Today: Jun 05 , 2020

Toilet Paper – Really?

22 March 2020  

Wouldn’t we all be better off if we were simply guided by faith and not fear?

We are now officially a third world country – at least temporarily. Sporting events, conventions, schools, libraries, churches, large gatherings, bars and restaurants are closed or closing. What the far left, the globalists and our foreign enemies couldn't do, we've done to ourselves with the prodding of the sensationalist media. The proof is the run on toilet paper. In this country, it is understandable, although illogical, that panic sets in when ever there is a catastrophic event like a hurricane or a flood, and sheeple, (people acting like sheep), go out and strip the supermarket shelves of almost everything. 

It's understandable because many people fear the unknown and they don't know how long it will be before stocks can be resupplied to their area. It is illogical because, in today's America, we have the ways and means, the roads, trucks, rails and air transportation to resupply any area of our nation in a matter of days, if not sooner. 

Having said that, anyone can see that the fear of running out of food and potable water would be motivation enough to go to a store to buy up as much of these items as one would think is necessary to sustain a family for a long period of time. 

What seems incomprehensible is the run on toilet paper. When we're in the supermarket and we see the empty canned goods aisle, or the empty bins that had previously held fresh fruit and vegetables, we can comprehend why panicked people bought those things to store or preserve in some way. But when one turns the still empty shopping cart down the paper aisle and sees nothing but bare walls, the only conclusion that can be reached is that people have gone completely nuts. 

We are in the midst of a viral pandemic that attacks the repertory system. One can understand if the public scoops up nasal spray, cough and cold medicines, medicated chest rubs, aspirin or other fever medicines, facial masks and surgical gloves, but toilet paper? Really? Everything else on the above list makes sense even if the medical experts say some of them are ineffective. 

Everyone who puts toilet paper at the top of their list when they stock up to wait out this pandemic is putting their priority on the wrong end of the anatomy. The corona virus does not cause gastrointestinal problems. The symptoms do not include diarrhea. The whole family could get a moderate case of the virus and would not use anymore toilet paper. Toilet paper will not stop the virus in any way, even if you wrapped it around your head covering your nose and mouth.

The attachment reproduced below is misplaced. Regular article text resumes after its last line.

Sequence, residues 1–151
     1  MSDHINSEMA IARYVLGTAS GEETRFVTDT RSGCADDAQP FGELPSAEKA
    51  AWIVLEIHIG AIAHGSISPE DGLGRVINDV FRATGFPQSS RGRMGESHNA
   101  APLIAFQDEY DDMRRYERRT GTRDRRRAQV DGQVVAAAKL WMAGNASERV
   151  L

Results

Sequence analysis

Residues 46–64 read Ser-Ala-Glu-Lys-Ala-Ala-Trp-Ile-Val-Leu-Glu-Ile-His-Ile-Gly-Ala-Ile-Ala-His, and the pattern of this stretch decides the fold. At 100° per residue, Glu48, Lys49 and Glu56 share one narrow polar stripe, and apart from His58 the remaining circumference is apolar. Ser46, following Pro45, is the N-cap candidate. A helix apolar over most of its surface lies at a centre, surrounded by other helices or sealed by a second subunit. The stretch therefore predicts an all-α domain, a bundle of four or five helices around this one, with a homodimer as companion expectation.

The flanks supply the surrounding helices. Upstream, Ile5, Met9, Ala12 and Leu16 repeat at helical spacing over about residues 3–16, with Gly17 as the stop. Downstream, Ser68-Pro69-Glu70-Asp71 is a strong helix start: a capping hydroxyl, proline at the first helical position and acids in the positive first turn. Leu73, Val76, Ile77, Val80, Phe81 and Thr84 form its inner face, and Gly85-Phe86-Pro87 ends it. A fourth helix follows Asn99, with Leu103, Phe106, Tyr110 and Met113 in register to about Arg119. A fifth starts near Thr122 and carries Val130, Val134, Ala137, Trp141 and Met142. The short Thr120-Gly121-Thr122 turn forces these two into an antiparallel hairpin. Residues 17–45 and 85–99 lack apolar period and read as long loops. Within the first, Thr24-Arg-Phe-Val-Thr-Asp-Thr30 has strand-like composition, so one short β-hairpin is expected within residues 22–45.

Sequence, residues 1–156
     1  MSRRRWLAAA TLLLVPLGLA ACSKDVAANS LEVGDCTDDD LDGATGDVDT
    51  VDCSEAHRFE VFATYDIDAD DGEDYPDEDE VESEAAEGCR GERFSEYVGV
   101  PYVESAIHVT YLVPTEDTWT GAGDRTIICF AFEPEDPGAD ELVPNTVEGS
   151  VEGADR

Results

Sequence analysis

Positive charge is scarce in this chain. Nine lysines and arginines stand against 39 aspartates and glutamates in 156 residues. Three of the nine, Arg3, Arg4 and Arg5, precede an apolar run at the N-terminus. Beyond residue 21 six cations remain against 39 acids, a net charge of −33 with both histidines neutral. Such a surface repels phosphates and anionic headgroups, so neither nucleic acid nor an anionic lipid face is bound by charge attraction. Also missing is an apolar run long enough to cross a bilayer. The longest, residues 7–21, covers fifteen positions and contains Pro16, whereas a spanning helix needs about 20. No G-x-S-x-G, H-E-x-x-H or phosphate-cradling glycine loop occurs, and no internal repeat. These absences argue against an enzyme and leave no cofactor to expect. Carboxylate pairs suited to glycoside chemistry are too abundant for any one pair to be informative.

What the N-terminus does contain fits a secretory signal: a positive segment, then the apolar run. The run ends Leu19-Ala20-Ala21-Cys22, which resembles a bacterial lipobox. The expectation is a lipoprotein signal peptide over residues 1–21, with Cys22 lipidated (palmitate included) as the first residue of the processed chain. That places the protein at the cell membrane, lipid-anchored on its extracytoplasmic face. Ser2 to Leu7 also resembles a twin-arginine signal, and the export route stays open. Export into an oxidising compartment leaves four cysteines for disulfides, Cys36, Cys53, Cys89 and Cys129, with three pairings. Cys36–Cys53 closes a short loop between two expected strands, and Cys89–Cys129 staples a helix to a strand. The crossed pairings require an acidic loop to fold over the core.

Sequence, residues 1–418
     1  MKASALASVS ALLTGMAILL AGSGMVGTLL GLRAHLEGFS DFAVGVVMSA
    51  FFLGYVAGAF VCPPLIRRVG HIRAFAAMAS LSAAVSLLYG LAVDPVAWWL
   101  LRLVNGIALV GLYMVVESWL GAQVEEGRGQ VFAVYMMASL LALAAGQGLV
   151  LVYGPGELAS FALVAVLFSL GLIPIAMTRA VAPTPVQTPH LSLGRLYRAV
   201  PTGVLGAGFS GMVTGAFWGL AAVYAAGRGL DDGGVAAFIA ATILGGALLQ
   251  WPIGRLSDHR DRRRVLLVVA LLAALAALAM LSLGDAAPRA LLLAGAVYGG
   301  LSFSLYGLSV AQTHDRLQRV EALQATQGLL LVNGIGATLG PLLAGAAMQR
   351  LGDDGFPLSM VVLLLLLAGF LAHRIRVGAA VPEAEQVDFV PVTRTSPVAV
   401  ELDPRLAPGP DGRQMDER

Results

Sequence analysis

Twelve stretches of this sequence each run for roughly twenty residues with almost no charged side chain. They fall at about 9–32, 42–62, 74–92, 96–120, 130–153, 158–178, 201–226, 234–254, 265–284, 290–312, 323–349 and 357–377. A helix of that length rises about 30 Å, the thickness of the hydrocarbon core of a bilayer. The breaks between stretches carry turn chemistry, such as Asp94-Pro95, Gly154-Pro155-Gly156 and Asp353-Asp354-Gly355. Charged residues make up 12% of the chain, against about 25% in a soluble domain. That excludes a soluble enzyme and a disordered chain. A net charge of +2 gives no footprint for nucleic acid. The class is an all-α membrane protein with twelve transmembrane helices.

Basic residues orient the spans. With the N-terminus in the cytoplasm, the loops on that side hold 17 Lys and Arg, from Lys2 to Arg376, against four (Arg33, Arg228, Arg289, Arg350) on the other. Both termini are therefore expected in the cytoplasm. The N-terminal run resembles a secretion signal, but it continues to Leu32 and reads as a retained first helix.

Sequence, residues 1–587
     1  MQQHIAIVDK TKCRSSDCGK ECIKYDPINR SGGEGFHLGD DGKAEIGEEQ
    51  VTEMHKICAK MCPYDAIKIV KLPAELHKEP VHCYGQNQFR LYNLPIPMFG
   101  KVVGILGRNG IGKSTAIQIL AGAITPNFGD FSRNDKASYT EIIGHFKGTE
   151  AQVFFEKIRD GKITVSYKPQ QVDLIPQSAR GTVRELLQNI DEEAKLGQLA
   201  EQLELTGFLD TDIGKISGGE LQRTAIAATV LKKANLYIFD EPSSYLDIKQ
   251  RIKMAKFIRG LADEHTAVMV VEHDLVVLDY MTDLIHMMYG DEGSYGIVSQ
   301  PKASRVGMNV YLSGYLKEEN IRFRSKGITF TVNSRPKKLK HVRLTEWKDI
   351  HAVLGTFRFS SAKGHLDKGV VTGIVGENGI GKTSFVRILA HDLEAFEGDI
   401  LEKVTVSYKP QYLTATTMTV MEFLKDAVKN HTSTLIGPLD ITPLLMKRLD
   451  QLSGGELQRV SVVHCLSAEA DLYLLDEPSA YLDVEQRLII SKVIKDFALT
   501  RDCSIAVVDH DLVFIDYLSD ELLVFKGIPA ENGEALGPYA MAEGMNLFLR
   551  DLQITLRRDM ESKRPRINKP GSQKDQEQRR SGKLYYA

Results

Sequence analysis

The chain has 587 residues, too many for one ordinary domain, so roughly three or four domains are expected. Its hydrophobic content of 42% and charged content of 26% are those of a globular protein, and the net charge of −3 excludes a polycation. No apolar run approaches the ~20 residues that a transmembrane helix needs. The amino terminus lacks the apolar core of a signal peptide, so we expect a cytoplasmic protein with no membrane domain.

With this COVID-19 virus supposedly increasing exponentially, there are many worse things that could happen to a family than running out of toilet paper. In every home one could find alternatives to store bought toilet paper. Even though no one has the Sears Catalog like in the old days, there are alternatives. (The Daily Courier comes to mind.) The alternatives may not be as soft as Charmin, have as many plies as Angel Soft, or as durable as Scott toilet paper, but they can get the job done, at least until the toilet paper hoarders figure out that they won't have to buy any for the next half a decade. 

In the mean time, it may sound ridiculous to some, but during this crisis wouldn't we all be better off if we were all guided by faith and not fear?

Buz Williams

Richard F. "Buz" Williams was born into a police family.  His father, both grandfathers, a great uncle and a cousin were all on the Los Angeles Police Department and he also had an uncle on the Hawthorne, California Police Department.  Buz served for 29 years on the Long Beach, California Police Department were he worked Patrol, Juvenile, Vice, Auto Theft and Gangs.  He retired in December of 2002.  Buz has been married to his wife Judi for 44 years.  They have two grown sons who live in Southern California with their families, which include two daughter-in-laws, three grandsons and a granddaughter.  Buz and Judi have lived in Prescott since 2004.